Take biofuel (for road vehicles, farm machinery and air travel). Generally dismissed in this country, it would be a lifeline for farmers. And for aviation. Some biofuels are actually carbon negative.
We want to go all electric. But we don’t yet have the energy supply or the infrastructure. So biofuel establishes a bridge between where we are now and where we want to go.
As for cattle and methane, as well as reducing the herd, why not try reducing their methane output?
Canadian farmers in Alberta have been adding 3-NOP to their cattle feed. It’s an organic compound that lowers cows’ methane production by an average of 30%, and in some cases up to 80%.
Bromoform, a compound found in seaweeds is also being tried. Sprinkled into a cow’s feed it also blocks methane production, by more than 80%. And it doesn’t need to be grown on land!
Are we open to better ideas?
If someone has a better idea than yours, you should nick it!
Even if it’s really old, like the extraordinary 1,000 year old irrigation system that waters La Huerta, the 28 sq km patchwork of gardens that supplies luscious fruit and vegetables to the Spanish city of Valencia.
Try something like that in Ireland and you’d have hundreds of objections. What’s wrong with us?
Other good ideas include agrivoltaics – putting solar panels over fields and irrigation canals. Plants need sunlight but some less than others. Shaded, they need less water. And they sweat which cools the panels and makes them more efficient.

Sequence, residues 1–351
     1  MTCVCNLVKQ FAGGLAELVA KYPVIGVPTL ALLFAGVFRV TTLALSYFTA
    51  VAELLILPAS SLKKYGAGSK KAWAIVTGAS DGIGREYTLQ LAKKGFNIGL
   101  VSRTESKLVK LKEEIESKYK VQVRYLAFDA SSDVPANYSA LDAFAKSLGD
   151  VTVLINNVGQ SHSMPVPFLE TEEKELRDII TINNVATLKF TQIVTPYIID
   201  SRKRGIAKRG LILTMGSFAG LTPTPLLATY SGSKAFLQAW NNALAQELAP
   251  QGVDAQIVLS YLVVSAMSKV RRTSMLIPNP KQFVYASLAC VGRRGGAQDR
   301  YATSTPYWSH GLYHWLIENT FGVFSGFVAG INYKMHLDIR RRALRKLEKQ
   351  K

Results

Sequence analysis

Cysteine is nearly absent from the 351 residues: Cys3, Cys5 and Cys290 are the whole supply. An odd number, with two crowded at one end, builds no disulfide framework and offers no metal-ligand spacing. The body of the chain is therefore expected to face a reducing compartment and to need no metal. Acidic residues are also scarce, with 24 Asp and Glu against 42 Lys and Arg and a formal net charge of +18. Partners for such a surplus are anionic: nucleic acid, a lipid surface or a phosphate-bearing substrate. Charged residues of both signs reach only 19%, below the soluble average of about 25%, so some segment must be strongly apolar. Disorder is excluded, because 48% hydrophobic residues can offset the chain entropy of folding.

Elsewhere, scientists are seeding coral reefs to restore them, and with some success. Perhaps that’s not a major issue for us here, but it’s an example of restorative science and that’s an area we most certainly should be chasing.
We also want the nanotechnology that will extract carbon dioxide from the atmosphere and convert it into really strong carbon nanofibers for use in manufacturing. Win-win!
In a similar vein, in Vietnam they’re making a composite timber that’s both strong and flexible from bamboo, a fully renewable crop. So, can we persuade Irish farmers to grow equally renewable sally trees to harvest for composite timber?